The bills also amend §212 of INA to add a labor attestation requirement for employers bringing in potential FTA professional worker nonimmigrants that is similar to the H-1B labor attestation statutory requirements. The additional attestation requirements for "H-1B dependent employers" currently specified in §212 are not included in the labor attestation requirements for employers of the FTA professional worker nonimmigrants.
S. 1417/H.R. 2739 contains numerical limits of 5,400 new entries per fiscal year under the FTA professional worker visa from Singapore. The bills do not limit the number of times that an alien may renew the FTA professional worker visa on an annual basis, unlike H-1B workers who are limited to a total of six years. The bills would count a FTA professional worker against the H-1B cap the first year he/she enters and again after the fifth year he/she seeks renewal. Although the foreign national holding the FTA professional worker visa would remain a temporary resident who would only be permitted to work for any employer who had met the labor attestation requirements, the foreign national with a FTA professional worker visa could legally remain in the United States indefinitely.
On July 10, 2003, the House Judiciary Committee held a "mock" mark-up of the USTR's draft language. Chairman Sensenbrenner took the lead in stating that "immigration policy does not belong in free trade agreements," citing Congress's plenary authority over immigration policy in Article 1, §8 of the U.S. Constitution. Members on both sides of the aisle expressed agreement with Chairman Sensenbrenner's position, with several Members going further to state that the draft language was an "insult to Congress." The House Judiciary Committee recommended including the FTA professional workers in the H-1B nonimmigrant visa and counting an FTA professional worker against the H-1B cap the first year he/she enters and again after the fifth year he/she seeks renewal. These recommendations are reflected in the legislation as introduced.
The USTR maintains that ensuring cross-border mobility of professionals and other business persons is critical for U.S. companies in developing new markets and business opportunities abroad. The USTR further argues that the temporary business personnel provisions in the FTAs are not immigration policy because they only affect temporary entry. The USTR points out that it issued a notice of intent to negotiate provisions to facilitate the temporary entry of business persons in October 2001 and that it briefed congressional staff on the FTA provisions on numerous occasions.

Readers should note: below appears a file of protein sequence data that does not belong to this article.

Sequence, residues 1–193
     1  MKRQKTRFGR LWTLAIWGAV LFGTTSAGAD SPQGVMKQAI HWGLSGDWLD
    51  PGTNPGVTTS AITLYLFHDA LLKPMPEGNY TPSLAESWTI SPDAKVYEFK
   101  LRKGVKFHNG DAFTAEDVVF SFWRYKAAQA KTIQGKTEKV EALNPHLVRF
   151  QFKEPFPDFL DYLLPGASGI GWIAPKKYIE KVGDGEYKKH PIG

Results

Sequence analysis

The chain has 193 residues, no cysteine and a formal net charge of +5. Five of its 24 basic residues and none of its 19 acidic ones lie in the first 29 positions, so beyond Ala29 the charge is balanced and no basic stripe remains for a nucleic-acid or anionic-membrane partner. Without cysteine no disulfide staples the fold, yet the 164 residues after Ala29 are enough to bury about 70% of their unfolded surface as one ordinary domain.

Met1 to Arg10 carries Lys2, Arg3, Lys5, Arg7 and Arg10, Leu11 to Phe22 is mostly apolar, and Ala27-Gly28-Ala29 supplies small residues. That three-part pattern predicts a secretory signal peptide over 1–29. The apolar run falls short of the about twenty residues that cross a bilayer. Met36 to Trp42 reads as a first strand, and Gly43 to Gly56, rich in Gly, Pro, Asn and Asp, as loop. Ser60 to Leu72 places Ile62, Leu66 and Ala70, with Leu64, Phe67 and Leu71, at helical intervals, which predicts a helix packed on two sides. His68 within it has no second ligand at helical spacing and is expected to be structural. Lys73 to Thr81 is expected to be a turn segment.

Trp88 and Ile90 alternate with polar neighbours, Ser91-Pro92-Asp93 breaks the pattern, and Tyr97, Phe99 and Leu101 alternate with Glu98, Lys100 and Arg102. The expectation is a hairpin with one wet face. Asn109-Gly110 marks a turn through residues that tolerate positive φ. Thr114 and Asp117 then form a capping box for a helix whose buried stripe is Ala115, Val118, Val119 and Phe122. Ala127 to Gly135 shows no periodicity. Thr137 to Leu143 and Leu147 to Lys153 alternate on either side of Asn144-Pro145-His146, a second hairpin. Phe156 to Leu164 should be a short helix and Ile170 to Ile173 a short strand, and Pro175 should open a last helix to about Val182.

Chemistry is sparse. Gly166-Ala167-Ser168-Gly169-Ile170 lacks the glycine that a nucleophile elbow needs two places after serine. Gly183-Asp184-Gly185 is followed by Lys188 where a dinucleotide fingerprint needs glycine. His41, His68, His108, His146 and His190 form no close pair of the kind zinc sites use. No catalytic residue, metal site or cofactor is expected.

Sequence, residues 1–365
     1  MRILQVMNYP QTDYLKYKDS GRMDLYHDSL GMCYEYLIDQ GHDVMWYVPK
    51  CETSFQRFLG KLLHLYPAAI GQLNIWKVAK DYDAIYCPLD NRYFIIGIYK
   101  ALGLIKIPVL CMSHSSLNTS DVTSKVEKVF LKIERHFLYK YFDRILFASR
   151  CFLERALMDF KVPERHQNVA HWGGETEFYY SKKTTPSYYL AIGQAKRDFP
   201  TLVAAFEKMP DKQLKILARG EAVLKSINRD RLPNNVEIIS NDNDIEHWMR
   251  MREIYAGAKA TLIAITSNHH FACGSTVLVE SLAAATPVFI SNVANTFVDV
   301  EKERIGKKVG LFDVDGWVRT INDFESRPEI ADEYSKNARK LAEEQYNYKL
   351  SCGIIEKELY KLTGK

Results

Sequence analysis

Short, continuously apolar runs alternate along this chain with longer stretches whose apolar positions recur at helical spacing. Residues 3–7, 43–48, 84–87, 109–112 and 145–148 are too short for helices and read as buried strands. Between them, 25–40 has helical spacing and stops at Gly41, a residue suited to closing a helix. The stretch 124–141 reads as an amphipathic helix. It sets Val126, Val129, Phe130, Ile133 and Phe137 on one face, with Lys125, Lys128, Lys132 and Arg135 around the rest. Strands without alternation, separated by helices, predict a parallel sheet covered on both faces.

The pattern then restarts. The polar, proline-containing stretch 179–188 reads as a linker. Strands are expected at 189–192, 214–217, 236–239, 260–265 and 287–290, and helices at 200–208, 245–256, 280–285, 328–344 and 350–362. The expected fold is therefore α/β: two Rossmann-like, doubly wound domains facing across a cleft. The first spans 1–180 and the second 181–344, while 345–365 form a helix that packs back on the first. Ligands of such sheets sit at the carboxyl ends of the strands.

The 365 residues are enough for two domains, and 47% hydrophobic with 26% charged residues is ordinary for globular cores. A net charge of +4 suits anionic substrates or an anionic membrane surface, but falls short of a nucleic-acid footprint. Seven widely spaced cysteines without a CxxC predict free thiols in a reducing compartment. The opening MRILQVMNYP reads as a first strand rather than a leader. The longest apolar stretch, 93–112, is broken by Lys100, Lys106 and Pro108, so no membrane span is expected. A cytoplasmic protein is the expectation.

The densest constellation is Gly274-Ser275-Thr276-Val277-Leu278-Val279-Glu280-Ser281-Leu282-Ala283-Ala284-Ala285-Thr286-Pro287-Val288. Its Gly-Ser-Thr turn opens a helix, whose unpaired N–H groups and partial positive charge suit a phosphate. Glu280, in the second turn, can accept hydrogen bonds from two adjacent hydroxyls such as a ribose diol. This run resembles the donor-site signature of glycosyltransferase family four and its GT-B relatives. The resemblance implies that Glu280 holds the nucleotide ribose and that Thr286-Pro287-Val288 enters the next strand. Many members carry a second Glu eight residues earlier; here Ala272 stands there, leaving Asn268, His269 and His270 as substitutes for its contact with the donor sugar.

Others express concern that the USTR has overreached its negotiating authority by including immigration provisions in the FTAs. Critics maintain that the USTR's assertion that temporary entry of foreign business personnel and professional workers is not immigration policy is disingenuous. More generally, some point out that these provisions could constrain current and future Congresses when they consider revising immigration law on business personnel, treaty investors and traders, intracompany transfers, and professional workers because the United States would run the risk of violating the FTA.
The specific issue of FTA professional workers has sparked the most debate. The Labor Advisory Committee, one of six private sector advisory committees for the USTR, is critical of the provisions on the temporary entry of business personnel and professional workers because it appears to enable workers from Singapore who have no direct employment except a service contract to enter the United States.(34) Other have expressed concern that professional workers from Singapore would be held to a less stringent standard than existing H-1B law (specialized knowledge versus highly specialized knowledge) and that the stricter attestation requirements for H-1B dependent employers would also be omitted.
The USTR argues that it is incorrect to assert that the labor attestations required under the FTA would be less rigorous than the LCA called for under current U.S. law. According to the USTR, the labor attestation required under the FTA also is to be modeled after the LCA that the Department of Labor requires under the existing H-1B visa program, and (as is the case under the H-1B program) fees may be collected along with the labor attestations.(35) The USTR states that the labor attestations, education and training fees, and numerical limits provisions have been added to the FTAs in response to congressional concerns.
Issues surrounding legal authority to enforce immigration law also arose. Some questioned whether §106 and §107 of the legislation would enable an international panel to overrule decisions by officials in the Department of Homeland Security or by the Attorney General to reject visa applicants from Singapore. USTR responds that the panel that would be established by the FTA would be bi-national and would only deal with cases brought by a Party to the agreement in which there is alleged to be a pattern of violations.